DG Yeah. It was funny because we kept throwing songs at him. He's on 2 songs on the acoustic record but after about 3 hours I had to stop throwing songs at him. I felt so guilty that I was taking advantage of the fact I had John Paul Jones in my studio.
DO Is this the first record you've recorded after building the new studio?
DG Yeah.
DO In my head I have an Amish feel to that studio. I like the idea you built it in a day with the whole band there, Nate and Chris with their spirit that how it worked?
DG Well, it came together really quickly. It's not the basement where we made the last two records the basement of my house in Virginia is a basement studio - cigarette butts on the floor, it smelt like old was a basement. It was nasty. This place is like Abbey Road - it's unbelievable. When I tell people we've built our own studio they go 'Aw, that's cute - can we borrow it for a week', they walk into this place and they're blown away because it's one of the nicest studios I have ever been in in my life. So, it's not really like the clubhouse...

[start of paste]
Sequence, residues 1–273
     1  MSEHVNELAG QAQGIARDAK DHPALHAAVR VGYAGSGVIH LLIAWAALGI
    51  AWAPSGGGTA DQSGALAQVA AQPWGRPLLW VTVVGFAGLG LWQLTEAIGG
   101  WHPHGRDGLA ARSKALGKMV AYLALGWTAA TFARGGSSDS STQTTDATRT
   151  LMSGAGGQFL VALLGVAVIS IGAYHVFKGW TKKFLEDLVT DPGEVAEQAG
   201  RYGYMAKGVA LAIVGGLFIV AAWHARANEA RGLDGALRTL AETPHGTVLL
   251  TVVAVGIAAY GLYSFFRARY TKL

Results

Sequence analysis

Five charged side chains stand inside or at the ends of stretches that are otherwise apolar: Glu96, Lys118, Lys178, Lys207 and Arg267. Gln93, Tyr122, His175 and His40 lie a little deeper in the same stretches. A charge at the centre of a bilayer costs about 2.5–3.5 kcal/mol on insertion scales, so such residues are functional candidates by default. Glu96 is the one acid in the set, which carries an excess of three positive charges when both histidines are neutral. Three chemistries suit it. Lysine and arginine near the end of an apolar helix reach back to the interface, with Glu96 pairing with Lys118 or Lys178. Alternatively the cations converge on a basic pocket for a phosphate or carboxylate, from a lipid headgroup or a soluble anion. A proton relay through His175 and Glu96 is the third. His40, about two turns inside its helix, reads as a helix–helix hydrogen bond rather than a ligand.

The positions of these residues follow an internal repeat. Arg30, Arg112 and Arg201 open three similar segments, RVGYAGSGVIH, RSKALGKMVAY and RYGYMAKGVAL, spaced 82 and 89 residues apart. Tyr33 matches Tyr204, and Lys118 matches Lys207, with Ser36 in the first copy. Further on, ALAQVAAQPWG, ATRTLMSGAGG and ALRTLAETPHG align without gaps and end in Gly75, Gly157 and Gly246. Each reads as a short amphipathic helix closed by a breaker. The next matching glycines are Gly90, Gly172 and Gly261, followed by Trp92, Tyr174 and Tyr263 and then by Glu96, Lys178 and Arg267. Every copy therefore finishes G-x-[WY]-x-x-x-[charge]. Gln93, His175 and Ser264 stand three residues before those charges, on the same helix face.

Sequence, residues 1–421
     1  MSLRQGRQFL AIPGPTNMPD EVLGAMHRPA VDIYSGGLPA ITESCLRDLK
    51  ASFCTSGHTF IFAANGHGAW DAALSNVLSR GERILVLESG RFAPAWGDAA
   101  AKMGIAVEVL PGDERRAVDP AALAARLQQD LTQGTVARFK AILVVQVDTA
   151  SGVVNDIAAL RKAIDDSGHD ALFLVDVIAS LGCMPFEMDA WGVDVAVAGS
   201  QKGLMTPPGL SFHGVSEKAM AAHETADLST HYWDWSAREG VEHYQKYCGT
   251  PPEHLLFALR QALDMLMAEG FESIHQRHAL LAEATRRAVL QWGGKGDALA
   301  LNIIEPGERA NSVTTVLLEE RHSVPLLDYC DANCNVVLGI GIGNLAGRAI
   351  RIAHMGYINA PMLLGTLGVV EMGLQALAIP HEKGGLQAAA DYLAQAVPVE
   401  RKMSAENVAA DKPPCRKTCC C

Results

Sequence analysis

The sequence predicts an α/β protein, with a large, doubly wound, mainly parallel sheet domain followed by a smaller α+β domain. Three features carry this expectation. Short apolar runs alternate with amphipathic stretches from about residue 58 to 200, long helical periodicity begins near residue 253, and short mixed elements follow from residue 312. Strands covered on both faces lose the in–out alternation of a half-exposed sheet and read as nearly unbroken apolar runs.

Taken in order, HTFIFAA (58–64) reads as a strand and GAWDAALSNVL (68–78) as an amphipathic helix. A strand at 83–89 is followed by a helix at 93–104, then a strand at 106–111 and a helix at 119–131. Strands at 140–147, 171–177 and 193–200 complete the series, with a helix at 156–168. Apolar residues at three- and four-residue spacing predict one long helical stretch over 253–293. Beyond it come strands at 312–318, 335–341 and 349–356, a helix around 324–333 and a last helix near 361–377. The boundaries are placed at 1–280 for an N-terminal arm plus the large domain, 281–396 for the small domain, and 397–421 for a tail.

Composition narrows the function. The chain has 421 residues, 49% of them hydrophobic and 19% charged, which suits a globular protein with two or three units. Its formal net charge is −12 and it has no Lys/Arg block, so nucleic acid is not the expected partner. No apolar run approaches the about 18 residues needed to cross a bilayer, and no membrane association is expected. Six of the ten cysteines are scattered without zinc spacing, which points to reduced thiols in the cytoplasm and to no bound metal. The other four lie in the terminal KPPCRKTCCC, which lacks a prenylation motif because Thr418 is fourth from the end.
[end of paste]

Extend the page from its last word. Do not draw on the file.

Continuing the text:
DO Awww. There's a bit of dissapointment there, I was hoping it had a nice club feel to it.
DG Well, I guess it kinda has a boys club feel to it. It's fashioned after the studio ABBA used to record all their records in Sweden.
DO A lovely Swedish feel to it then. One thing I like about the Foo Fighters is your dress always conforms to type, your guitarists and bassist are always wearing t-shirts and so forth. Like I said, I am an air-drummer, so what is drummer protocol when it comes to wearing clothes?
DG I think drummers are kinda free to....I've played drums in a dress before, I've played drums with a bra on - that's not comfortable.
DO That's left field.
DG Yeah. Drummers usually go with as little clothing as possible just because if you're really giving it to the drums it's like exercise.
DO It's a sexual thing too, right?
DG It can be. Sure. It's that primal, sweating, po-po dance.
DO Thank you so much for joining us, you're going to play us out with 'My Hero'.
DG Yeah, lets do it.